Thanks to the Chicago Convention, we don’t pay fuel tax. Aviation was supposed to (a) help rebuild a destroyed world after WWII and (b) contribute to the exponential growth of global economies. So here lays third and probably the most controversial solutions: kerosene tax. Theoretically, aviation tax would raise flight ticket prices thus slowing the demand and, as a consequence, reduce carbon emissions. The logic is quite simple: if you create a fuel tax, airline operators will have to increase their ticket prices putting the economic burden on customers who would, due to the higher ticket prices, fly less. This, in turn, could reduce the number of operating flights each year thus lowering the carbon emission in our skies. Opponents of the fuel tax often ask how will this new tax be spent? What will it be used for? And, if it will be spent on environmental projects?
On one hand, the aviation industry is proud to be a global player; on the other, it makes us much more open to public scrutiny and criticism. We blame Greta that she chose to sail to the USA and, in the process, created a lot of headlines against the industry and our carbon emissions. In my opinion, the world tend to focus on irrelevant and less important issues - whether or not she is being used by the media or by green parties and; if her speech was written by her.
I think that it doesn’t matter. The fact is that Greta opened the public eye on what is written in the IPCC report. It is the people who decide to take action, to take part in the climate strikes, to vote for green parties. Due to “flight shame”, the number of passengers has significantly dropped in Sweden, and on many other routes, for instance: London - Glasgow. Every business has been challenged: textile, steel, including employees climate strikes in tech, google or amazon. More companies are choosing to introduce codes of conduct and green policies. Would the non-sustainable businesses be able to comply with the new standards?
Frankly, I don’t think this is wrong. I would be rather concerned if people with current knowledge, observation and predictions of global warming would remain silent. The questions we need to ask ourselves is how do we react to this and where do we concentrate our energy.
With the warmer world and aviation being seen more as a polluter rather than a global hero, it is my belief that aviation operators have two paths to follow. Path One: we can either become stubborn and wait for the government and public to decide for us what we should do, for instance, ban the business aviation flights from UK airports or implement a high tax. In this path, we will be subjected to increased public scrutiny, criticism, stiff political regulations and redtapes and, possibly, economic problems due to strikes and boycotts.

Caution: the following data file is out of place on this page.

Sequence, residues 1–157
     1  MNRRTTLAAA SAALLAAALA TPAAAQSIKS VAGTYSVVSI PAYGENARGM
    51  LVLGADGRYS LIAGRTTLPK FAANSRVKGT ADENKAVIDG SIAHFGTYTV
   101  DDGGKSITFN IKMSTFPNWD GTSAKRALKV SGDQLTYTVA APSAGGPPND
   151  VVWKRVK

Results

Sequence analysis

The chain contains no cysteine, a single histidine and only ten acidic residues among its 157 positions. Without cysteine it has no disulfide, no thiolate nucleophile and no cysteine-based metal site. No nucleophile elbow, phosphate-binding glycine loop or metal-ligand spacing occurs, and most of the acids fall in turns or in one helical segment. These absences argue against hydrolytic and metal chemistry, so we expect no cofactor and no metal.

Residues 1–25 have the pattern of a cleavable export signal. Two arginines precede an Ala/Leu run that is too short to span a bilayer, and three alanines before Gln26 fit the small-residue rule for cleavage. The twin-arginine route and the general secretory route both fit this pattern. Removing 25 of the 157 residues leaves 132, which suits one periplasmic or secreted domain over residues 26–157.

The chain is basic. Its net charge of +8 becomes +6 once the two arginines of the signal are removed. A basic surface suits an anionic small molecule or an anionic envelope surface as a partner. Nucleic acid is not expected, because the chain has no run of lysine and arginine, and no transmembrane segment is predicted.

Path Two: take control and act now! There are plenty of potential solutions just in front of us. These solutions include reducing emission by applying fuel and water efficiency plans to improve our margins and operational efficiency; investing in new technology, such as electrification and hybrid solutions to enhanced ability to retain and motivate employees and attract coming generations; use and support SAJF solutions to limit the CO2 costs and to enhance ability to enter new markets; perform risk assessment to lower operational risks and have greater access to financing and insurance; and, last but not least, offer legit offsetting programs to improve customer loyalty.
As an optimist, I am convinced that the industry operators who choose to act now will win, as there are plenty of solutions out there which can reduce carbon emissions, benefit the environment and, at the same time, increase operators’ bottom lines.
We can Increase Shareholder Value by creating Shared Value, that will protect our brand, planet and future.
Let’s just don’t talk if we need to change, but how we want to do it and act now.